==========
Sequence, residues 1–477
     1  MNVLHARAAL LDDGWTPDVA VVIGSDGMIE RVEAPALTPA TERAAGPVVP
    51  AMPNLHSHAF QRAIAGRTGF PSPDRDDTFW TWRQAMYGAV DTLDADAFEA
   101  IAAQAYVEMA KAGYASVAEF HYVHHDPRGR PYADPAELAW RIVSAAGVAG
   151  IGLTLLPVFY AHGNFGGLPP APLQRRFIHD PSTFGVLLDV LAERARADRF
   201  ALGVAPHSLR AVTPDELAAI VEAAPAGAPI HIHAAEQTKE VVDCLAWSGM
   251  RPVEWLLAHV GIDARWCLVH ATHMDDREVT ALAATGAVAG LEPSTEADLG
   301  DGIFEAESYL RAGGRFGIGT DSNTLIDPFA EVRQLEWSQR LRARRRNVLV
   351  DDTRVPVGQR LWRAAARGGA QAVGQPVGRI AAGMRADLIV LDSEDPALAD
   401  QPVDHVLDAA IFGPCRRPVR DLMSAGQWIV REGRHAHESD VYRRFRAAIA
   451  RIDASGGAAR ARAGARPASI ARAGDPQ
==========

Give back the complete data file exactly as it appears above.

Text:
Sequence, residues 1–477
     1  MNVLHARAAL LDDGWTPDVA VVIGSDGMIE RVEAPALTPA TERAAGPVVP
    51  AMPNLHSHAF QRAIAGRTGF PSPDRDDTFW TWRQAMYGAV DTLDADAFEA
   101  IAAQAYVEMA KAGYASVAEF HYVHHDPRGR PYADPAELAW RIVSAAGVAG
   151  IGLTLLPVFY AHGNFGGLPP APLQRRFIHD PSTFGVLLDV LAERARADRF
   201  ALGVAPHSLR AVTPDELAAI VEAAPAGAPI HIHAAEQTKE VVDCLAWSGM
   251  RPVEWLLAHV GIDARWCLVH ATHMDDREVT ALAATGAVAG LEPSTEADLG
   301  DGIFEAESYL RAGGRFGIGT DSNTLIDPFA EVRQLEWSQR LRARRRNVLV
   351  DDTRVPVGQR LWRAAARGGA QAVGQPVGRI AAGMRADLIV LDSEDPALAD
   401  QPVDHVLDAA IFGPCRRPVR DLMSAGQWIV REGRHAHESD VYRRFRAAIA
   451  RIDASGGAAR ARAGARPASI ARAGDPQ